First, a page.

Society of Architectural Historians Announces the 2023 H. Allen Brooks Travelling Fellows

by SAH News | Jan 24, 2023
Jasper Ludewig and Annie Schentag

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The Society of Architectural Historians has named Jasper Ludewig and Annie Schentag as the recipients of the 2023 H. Allen Brooks Travelling Fellowship. The fellowship enables emerging professionals to study by travel and contemplation with the goals of experiencing the built environment firsthand, thinking about their profession deeply, and acquiring knowledge useful to their future work and contributions to their field and society.

Architectural historian Jasper Ludewig is a lecturer in the School of Architecture and Built Environment at the University of Newcastle in Australia. He earned his PhD from the Sydney School of Architecture, Design and Planning at the University of Sydney in 2020 and his Bachelor of Design in architecture from the University of Sydney in 2012. He currently serves as associate editor of Architectural Theory Review.

Through the fellowship, Dr. Ludewig hopes to gain insight into the landscapes, structures and processes implicated in the history of resource subimperialism throughout the nineteenth-century South Pacific. He will focus on the period between 1880 and 1919 when British, German, Anglo-German and Anglo-French consortia extracted rock phosphate from hundreds of islands for use as an industrial fertilizer. Over the course of six months, he will travel to Australia, Germany, New Zealand, Nauru, Banaba, Christmas Island, and Palau to visit former workings and residual infrastructures of the British Phosphate Commission and German South Sea Company, former chemical processing facilities, and agricultural regions (sites of historical phosphate application). He will begin his travel in July 2023.

“The H. Allen Brooks Travelling Fellowship will allow me to visit the islands, mines and landscapes involved in the historical circulation of rock phosphate from the Pacific into Europe and Australasia. In this, the fellowship enables me to connect my archival research into resource subimperialism with firsthand experience of the remote and disparate places it considers—an entirely unfeasible undertaking without the support provided by SAH,” said Ludewig. “I am very grateful to the Society for this unique opportunity and look forward to sharing my travels on the SAH Blog later in the year.”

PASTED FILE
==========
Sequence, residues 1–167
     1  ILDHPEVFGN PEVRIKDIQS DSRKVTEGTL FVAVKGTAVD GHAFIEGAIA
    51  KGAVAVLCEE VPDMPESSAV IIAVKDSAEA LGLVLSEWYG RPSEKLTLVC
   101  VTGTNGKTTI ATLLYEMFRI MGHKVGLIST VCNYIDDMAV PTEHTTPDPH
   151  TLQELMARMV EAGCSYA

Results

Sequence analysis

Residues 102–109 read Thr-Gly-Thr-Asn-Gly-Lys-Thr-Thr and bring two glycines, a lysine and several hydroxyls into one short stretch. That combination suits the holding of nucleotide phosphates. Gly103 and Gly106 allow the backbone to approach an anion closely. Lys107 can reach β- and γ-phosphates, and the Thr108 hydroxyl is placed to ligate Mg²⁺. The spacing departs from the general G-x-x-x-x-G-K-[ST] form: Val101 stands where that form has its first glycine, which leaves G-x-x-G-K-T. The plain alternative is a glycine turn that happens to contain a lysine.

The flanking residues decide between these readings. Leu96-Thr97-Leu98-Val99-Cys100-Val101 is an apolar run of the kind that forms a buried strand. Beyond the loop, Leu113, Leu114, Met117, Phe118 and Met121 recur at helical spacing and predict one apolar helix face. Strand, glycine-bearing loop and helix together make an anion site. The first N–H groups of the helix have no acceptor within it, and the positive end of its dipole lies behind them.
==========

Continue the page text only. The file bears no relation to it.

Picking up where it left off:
Annie Schentag is a partner at KTA Preservation Specialists, a historic preservation firm based in Buffalo, NY. She also teaches as an adjunct instructor at SUNY at Buffalo and Villa Maria College. She earned her PhD in the history of architecture and urbanism from Cornell University in 2017, her Master of Urban Planning from SUNY at Buffalo in 2011, and her BA in art history from Smith College in 2007.

During her fellowship, Dr. Schentag plans to visit Panama, Colombia, Bolivia, Argentina and Uruguay, countries that are currently reframing their interpretations of the historic built environment through preservation, planning and heritage practices. Her three-month itinerary is designed to examine the intersection of preservation practices and urban reinvention in a transnational context, where she will view sites through the multiple lenses of architectural history, historic preservation, urban planning, and art history. Dr. Schentag will explore examples of locally designed modern and contemporary architecture in balance with their colonial and Indigenous manifestations. Through her travels she hopes to develop a deeper understanding of the power and privilege entrusted in the task of preserving histories for a variety of marginalized communities. She will begin her fellowship in May 2023.

“I am honored and thrilled to visit five countries never before visited on the Brooks Fellowship, which begins to adjust a canonically disproportionate emphasis on European examples that my students often encounter in their coursework,” said Schentag. “Now more than ever, scholarship has a lot to learn from the ‘other’ America. I hope that traveling on this itinerary can be an education in all these intertwined fields—historic preservation, urban planning, and art history—mixed with a strong dose of humanity and humility.”

Ludewig and Schentag will document their fellowship journeys through monthly posts on the SAH Blog that will include written narratives, photographs, video, drawings, and other media. For more information on the H. Allen Brooks Travelling Fellowship, visit sah.org/brooks.




Founded in 1940, the Society of Architectural Historians is an international nonprofit membership organization that promotes the study, interpretation and conservation of architecture, design, landscapes and urbanism worldwide. SAH serves a network of local, national and international institutions and individuals who, by profession or interest, focus on the built environment and its role in shaping contemporary life. SAH promotes meaningful public engagement with the history of the built environment through advocacy efforts, print and online publications, and local, national and international programs.
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